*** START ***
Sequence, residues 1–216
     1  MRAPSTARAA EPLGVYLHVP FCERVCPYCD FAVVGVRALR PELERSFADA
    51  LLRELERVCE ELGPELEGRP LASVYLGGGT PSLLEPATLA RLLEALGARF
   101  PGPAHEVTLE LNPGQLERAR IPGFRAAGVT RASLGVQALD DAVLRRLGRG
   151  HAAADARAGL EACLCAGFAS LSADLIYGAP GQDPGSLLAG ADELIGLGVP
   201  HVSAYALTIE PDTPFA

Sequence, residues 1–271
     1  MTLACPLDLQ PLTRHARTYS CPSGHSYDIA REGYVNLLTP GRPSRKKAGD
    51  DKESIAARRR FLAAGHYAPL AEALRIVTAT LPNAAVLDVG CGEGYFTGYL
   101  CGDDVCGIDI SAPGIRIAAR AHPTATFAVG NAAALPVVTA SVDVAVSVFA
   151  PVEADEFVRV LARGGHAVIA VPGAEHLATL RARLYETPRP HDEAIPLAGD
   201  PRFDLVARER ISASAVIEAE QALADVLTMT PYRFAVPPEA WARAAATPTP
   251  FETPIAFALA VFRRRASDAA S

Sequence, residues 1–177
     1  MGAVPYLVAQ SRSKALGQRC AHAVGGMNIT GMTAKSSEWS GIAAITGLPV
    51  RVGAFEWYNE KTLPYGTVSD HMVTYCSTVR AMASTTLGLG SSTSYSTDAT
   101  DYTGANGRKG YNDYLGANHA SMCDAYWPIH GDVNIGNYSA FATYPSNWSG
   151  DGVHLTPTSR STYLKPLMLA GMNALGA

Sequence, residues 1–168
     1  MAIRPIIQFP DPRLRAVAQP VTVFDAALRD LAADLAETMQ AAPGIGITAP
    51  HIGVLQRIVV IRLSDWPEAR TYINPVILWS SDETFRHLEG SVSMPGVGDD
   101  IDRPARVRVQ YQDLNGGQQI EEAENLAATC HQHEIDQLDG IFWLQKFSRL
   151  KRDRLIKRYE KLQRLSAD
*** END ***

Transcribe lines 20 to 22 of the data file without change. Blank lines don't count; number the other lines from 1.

     1  MAIRPIIQFP DPRLRAVAQP VTVFDAALRD LAADLAETMQ AAPGIGITAP
    51  HIGVLQRIVV IRLSDWPEAR TYINPVILWS SDETFRHLEG SVSMPGVGDD
   101  IDRPARVRVQ YQDLNGGQQI EEAENLAATC HQHEIDQLDG IFWLQKFSRL